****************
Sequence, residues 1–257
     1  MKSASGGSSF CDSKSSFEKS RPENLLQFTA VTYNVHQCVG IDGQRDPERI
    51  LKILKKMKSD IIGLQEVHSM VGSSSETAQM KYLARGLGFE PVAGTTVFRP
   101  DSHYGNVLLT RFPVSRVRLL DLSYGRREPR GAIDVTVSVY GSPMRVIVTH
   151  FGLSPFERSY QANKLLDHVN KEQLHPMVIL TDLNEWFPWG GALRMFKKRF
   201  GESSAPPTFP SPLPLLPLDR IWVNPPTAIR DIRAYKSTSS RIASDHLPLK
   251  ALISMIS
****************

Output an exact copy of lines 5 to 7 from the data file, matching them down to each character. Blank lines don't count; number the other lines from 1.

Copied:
   151  FGLSPFERSY QANKLLDHVN KEQLHPMVIL TDLNEWFPWG GALRMFKKRF
   201  GESSAPPTFP SPLPLLPLDR IWVNPPTAIR DIRAYKSTSS RIASDHLPLK
   251  ALISMIS